The lie of the land
Digital technologies have permeated our everyday tasks and interactions in the 21st century. They have changed the way we learn, work and socialise. In recent years this reliance on the use of technology in the modern world has led to considerations of potential consequences on our environment, society and wellbeing – how we behave, communicate and interact in both the physical and virtual world.
You may have come across the term ‘information society’ which is used to describe a society where the creation, distribution, use, integration and manipulation of information is significant to economic, political and cultural endeavours. This description is applicable to modern society where digital technologies and the internet are ubiquitous with education, work and entertainment. In a society where there is a reliance on information, it is important that we reflect on how we interact with technology and make use of information in our everyday tasks, and consider the potential impact this can have on our behaviours, beliefs and values.
Fake news, defined as “false often sensational, information disseminated under the guise of news” (Collins Dictionary, 2017), is an interesting example of how important it is that we have an understanding of information creation and dissemination processes in the modern world. If we fall for manipulated and biased information this can have a detrimental effect on our decision-making and understanding of the world. If we are not evaluating information and checking our facts, and the information we are basing our opinions and actions on is fundamentally false, there are potentially major consequences for our democracy, global environment and health.
The Association of College and Research Libraries frames of information literacy provide us with useful explanations of information processes to develop our understanding of the ‘uncertain information ecosystem’. The three frames that we might find the most useful when dealing with the manipulation of information are:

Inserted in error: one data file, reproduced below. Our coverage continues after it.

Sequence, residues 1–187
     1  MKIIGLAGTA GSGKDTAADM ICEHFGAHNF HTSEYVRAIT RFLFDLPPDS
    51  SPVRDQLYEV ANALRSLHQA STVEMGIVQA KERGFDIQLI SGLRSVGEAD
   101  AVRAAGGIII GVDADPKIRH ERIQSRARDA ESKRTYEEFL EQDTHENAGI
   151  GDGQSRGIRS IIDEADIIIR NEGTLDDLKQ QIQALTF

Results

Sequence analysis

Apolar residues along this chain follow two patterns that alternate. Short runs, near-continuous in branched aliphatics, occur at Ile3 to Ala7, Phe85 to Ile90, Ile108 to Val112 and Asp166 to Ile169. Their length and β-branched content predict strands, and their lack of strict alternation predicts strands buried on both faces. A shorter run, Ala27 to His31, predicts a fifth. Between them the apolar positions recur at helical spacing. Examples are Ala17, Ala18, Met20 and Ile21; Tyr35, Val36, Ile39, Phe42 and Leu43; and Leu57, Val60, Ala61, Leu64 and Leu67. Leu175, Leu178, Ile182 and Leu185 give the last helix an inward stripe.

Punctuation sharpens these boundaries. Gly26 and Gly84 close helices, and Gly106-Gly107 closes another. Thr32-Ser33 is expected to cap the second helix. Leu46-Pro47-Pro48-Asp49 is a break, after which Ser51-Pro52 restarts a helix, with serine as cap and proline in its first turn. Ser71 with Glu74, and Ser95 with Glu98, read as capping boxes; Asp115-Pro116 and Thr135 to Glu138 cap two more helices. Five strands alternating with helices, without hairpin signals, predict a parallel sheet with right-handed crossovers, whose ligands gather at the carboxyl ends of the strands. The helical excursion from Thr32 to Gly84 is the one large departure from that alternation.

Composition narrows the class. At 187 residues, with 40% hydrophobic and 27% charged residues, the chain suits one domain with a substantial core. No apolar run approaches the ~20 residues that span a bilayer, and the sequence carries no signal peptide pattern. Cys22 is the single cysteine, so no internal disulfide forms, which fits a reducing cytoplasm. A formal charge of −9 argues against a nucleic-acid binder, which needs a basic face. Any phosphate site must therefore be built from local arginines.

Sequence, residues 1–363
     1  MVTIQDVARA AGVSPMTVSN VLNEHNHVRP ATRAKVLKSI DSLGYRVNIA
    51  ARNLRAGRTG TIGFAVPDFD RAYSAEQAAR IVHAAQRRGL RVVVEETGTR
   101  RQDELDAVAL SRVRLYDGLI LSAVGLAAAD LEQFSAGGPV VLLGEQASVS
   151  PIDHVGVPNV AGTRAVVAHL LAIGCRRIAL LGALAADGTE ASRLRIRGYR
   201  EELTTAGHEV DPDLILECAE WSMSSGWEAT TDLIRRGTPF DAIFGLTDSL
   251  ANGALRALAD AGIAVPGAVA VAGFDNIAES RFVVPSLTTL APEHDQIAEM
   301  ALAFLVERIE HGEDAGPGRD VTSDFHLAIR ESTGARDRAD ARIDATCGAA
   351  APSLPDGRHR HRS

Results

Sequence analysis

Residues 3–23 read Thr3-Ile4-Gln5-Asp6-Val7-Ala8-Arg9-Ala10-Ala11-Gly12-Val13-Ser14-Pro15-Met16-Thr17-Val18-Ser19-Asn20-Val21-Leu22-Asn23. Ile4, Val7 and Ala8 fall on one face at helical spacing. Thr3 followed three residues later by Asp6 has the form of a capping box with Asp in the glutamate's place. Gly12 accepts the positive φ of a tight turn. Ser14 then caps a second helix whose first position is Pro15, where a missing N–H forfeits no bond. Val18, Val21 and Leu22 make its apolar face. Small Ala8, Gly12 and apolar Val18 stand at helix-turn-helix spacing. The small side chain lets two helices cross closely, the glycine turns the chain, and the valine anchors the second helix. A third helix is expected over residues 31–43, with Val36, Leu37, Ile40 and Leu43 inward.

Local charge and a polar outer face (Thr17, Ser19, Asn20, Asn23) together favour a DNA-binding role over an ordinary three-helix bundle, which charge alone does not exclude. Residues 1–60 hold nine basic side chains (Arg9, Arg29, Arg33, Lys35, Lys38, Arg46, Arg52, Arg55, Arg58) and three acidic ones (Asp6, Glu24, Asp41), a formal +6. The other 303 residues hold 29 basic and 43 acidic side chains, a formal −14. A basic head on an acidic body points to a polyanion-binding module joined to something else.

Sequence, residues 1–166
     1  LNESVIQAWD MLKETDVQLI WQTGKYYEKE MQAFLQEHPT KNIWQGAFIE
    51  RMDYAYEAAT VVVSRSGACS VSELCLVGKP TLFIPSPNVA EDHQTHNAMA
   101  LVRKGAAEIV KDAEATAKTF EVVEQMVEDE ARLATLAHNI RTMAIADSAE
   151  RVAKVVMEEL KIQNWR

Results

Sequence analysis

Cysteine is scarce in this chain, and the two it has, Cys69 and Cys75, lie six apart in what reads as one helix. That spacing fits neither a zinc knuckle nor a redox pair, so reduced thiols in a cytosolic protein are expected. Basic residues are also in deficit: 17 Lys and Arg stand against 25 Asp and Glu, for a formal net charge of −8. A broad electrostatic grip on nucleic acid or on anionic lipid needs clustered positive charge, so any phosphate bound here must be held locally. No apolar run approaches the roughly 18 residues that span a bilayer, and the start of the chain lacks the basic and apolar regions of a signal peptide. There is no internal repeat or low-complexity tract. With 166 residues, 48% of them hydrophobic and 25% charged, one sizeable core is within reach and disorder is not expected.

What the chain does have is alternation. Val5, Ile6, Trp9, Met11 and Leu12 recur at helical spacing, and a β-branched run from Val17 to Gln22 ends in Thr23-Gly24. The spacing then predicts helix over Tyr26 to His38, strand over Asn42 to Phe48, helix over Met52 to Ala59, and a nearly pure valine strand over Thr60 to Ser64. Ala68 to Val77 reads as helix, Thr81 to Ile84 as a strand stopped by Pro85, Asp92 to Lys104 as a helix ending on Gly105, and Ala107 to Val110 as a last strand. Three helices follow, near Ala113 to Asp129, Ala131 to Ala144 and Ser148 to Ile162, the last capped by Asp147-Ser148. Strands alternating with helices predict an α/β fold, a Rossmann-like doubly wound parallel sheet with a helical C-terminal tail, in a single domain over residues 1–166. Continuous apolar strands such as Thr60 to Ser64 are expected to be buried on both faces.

Authority is Constructed and Contextual: information resources reflect their creators’ expertise and credibility, and are evaluated based on the information need and the context in which the information will be used;
Information Creation as a Process: information in any format is produced to convey a message and is shared via a selected delivery method. The iterative processes of researching, creating, revising, and disseminating information vary, and the resulting product reflects these differences;
Information Has Value: information possesses several dimensions of value, including as a commodity, as a means of education, as a means to influence, and as a means of negotiating and understanding the world. Legal and socioeconomic interests influence information production and dissemination.
These concepts illustrate the importance of information in our society, and present the need for us to develop adequate skills to successfully navigate that information. We need to consider not only the information we consume but also the information we produce – the information we share about ourselves – to gain a better understanding of this complex area and the impact it has on our personal beliefs, values, and society more broadly.
Over the next steps and activity we will examine in detail the complexities of operating in the information society. We will consider the information behind the headlines as well as the information we share about ourselves. In so doing we’ll look to gain an insight into how the information landscape and communications technologies can change our behaviours, filter and censor, and ultimately impact on our world view and our sense of wellbeing.
© University of York (author: Susan Halfpenny)